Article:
ABSTRACT

Franziska Lautenschläger studied physics at the University of Leipzig, Germany and Université Paul Sabatier Toulouse, France, before graduating with a physics diploma from Leipzig. For her PhD on mechanical changes during stem cell differentiation, she joined the laboratory of Jochen Guck at the University of Cambridge, UK. In 2011, Franziska moved to Paris, France, for her postdoctoral work on the migration of immune cells under confinement at the Institut Curie with supervisor Matthieu Piel. Since 2013, she has been an independent group leader and holds a junior professorship in biophysics from Saarland University, Saarbrücken, Germany. In addition, the Leibniz Institute for New Materials, Saarbrücken, appointed her as junior group leader in 2017. Franziska's research focuses on cell migration and polarity, and the links to cell mechanics and the different cytoskeletal networks in cells.

Franziska Lautenschläger (Photo: Iris Maurer)

What inspired you to become a scientist?

Definitely my family. My dad has a degree in science, my mum is a mathematician and my older sister is also into mathematics. I am the youngest one in the family and I remember these Sunday morning breakfast table discussions: discussions about God, statistics and throwing dice, and my sister asking about probabilities and statistical changes if there was a lead worm crawling inside the dice. I certainly was emerged into science back then – totally not understanding what they were talking about! However, now I am the only professor out of all of us!

Besides your postdoc in Paris, you spent a year in Quebec during high school and you also studied in Toulouse. Do you have a particular interest in French?

Absolutely. I was really interested in French and French-speaking countries before I came to Cambridge, where I suddenly had to work on my English. My curiosity was just reflective of a general interest in the world and how people behave differently and which different customs they have. I really enjoyed that a lot in my life. There comes a moment when you don't want to travel so much anymore, which has certainly arrived for me, but I have very much enjoyed the time when I did, and I would recommend it to everyone. Actually, here in Saarbrücken you have to have a French-speaking person in all institutions like kindergarten, and my research group is composed of several French people, so the connection still is very much there!

You changed fields from physics towards biophysics and cell biology at the end of your studies. How was this influenced?

At university, for my diploma degree, I went to do a practical course in astrophysics and I sat at computers dealing with data from telescopes the whole day. It was fascinating but at the same time so far away from seeing an impact on everyday life. People were not talking to each other and were just sitting at their computers and telescopes all day and it felt out of touch with life to me. That's when I decided to ignore all my previous courses and work in astrophysics to go for something that is related to life and where I might be able to see an impact. I went to do biophysics and this immediately worked for me.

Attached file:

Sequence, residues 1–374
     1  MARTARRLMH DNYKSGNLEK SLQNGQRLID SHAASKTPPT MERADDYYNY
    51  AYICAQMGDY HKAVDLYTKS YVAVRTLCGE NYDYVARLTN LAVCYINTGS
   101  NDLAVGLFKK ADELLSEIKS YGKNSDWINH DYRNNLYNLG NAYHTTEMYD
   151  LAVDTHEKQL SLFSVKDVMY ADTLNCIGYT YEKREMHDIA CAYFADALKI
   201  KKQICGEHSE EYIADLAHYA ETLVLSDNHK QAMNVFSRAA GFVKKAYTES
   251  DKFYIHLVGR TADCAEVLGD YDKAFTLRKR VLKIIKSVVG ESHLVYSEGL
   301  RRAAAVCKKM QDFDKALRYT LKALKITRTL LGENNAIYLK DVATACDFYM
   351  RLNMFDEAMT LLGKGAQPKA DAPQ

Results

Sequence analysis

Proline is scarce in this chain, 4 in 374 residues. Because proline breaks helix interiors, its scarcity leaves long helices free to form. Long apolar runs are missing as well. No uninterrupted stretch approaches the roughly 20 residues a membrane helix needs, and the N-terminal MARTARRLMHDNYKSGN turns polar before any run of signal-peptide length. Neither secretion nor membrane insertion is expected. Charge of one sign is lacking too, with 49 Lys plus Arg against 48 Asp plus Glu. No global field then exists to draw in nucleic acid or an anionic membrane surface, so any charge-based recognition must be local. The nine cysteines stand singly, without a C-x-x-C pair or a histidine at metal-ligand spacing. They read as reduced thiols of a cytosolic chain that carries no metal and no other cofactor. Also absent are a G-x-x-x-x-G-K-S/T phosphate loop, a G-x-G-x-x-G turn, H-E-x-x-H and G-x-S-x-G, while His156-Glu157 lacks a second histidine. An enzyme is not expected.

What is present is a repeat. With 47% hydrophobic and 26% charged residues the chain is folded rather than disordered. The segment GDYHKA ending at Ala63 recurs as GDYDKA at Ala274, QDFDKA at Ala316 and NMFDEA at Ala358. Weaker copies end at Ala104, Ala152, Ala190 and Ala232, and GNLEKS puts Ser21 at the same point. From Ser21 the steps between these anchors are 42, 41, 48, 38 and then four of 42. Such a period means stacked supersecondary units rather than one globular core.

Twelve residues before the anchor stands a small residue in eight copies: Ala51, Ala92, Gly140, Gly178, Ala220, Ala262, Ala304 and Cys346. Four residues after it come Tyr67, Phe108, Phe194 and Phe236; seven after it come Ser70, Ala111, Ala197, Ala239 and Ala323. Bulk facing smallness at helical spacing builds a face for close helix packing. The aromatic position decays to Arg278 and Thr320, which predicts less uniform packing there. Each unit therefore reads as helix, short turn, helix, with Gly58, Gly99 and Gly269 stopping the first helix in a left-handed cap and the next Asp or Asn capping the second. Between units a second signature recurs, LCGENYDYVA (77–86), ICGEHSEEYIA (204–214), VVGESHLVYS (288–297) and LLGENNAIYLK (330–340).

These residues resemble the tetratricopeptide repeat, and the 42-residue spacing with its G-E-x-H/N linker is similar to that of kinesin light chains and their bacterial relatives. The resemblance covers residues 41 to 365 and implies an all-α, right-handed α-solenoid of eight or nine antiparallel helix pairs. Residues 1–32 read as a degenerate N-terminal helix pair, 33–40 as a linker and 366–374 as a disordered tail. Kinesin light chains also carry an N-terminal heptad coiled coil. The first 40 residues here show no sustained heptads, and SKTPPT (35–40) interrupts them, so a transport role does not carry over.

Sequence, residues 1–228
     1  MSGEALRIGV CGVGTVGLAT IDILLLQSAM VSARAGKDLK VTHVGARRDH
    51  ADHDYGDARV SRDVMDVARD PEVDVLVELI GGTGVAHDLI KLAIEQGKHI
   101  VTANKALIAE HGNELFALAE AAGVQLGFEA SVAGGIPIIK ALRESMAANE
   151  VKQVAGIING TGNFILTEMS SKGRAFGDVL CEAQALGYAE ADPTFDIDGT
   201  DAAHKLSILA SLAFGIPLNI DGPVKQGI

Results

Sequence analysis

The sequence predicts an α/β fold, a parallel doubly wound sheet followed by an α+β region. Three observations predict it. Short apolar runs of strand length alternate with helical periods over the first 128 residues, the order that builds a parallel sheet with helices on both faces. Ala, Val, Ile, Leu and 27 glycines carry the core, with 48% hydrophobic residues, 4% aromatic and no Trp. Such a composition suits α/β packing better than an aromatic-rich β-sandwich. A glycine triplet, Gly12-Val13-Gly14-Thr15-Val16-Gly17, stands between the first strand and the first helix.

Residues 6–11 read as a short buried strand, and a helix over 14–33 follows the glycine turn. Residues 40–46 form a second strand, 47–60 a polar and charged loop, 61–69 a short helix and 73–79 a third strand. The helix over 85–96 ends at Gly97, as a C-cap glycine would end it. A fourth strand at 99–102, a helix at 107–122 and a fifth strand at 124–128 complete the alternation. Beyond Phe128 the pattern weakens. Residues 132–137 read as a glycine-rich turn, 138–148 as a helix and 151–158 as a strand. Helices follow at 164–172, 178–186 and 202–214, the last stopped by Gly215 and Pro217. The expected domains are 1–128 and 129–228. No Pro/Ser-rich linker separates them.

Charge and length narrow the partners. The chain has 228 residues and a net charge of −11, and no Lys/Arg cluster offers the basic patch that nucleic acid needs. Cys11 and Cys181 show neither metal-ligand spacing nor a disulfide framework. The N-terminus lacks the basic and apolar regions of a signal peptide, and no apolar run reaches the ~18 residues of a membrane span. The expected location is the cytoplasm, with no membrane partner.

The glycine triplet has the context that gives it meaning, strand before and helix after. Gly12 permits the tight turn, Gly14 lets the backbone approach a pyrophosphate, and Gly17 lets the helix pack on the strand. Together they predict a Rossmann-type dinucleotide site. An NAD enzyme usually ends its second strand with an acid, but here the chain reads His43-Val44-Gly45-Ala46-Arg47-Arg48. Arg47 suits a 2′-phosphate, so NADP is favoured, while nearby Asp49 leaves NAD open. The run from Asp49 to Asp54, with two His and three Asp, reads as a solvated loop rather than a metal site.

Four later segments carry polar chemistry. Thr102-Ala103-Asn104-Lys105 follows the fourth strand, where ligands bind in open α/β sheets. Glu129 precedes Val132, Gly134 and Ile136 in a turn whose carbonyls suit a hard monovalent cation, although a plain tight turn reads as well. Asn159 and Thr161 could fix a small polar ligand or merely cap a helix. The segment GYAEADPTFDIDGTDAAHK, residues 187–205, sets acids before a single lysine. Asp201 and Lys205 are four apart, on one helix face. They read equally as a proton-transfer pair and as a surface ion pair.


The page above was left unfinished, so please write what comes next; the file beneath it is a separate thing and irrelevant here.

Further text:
Did it cause any family upset at the Sunday breakfast table that you were introducing biology?

[Laughs] No, not at all! It was totally fine – even though my dad is still slightly disappointed that I don't build radios and cars all the time by myself!

What questions are your lab trying to answer just now?

We are the ‘Cytoskeletal Fibers’ lab and we focus on cell migration, especially migration of cells with low levels of adherence, for example, immune cells. This type of cell migrates very differently to strongly adhering cells and we're interested in the cell mechanics of this process – how much does adhesion alter the material property of cells? For example, we are looking at alterations in the actin cortex upon adhesion. Is it different for a suspension cell compared to in an adhering cell? Then, we got really hooked on the role of intermediate filaments in cell migration and adhesion, especially the protein vimentin. This topic has been broadly neglected in the past, but we see intermediate filaments popping up in many functions during migration and cell adhesion mechanics. To complete the picture, we also have projects on the role of microtubules in these processes.

What is the reason that intermediate filaments have been somewhat neglected, as you say?

In the 90s, there were data published showing that knockout mice without intermediate filaments, including vimentin, were viable and fertile. The take-home message from this was that vimentin can't be important then and most funding was cut as a result. It was noticed afterwards that these knockout mice did have phenotypes, for example in their immune response; it just wasn't followed up in detail. In addition, the effects of losing intermediate filaments are not that dramatic compared to a loss of actin or microtubules. If you sum up these small effects and problems without intermediate filaments, they are important, however. But you don't have a big alarm clock ringing in an intermediate filament knockout, and that might make it much more frustrating to work on them.

Franziska enjoying time with her family (Photo: Daniel Flormann)

Franziska enjoying time with her family (Photo: Daniel Flormann)

A weaker phenotype might help you to uncover molecular mechanisms you would have missed with strong cellular defects

That's why we are into it. Even though my students might find it frustrating that it all takes a little longer and we often only see small effects, we do see effects on all corners that are important overall. This is still a very young field where we have to explore a lot in order to be able to understand things. The community of researchers working on intermediate filaments is relatively small but extremely supportive. They are trying to push young scientists to enter the field, specifically biophysicists.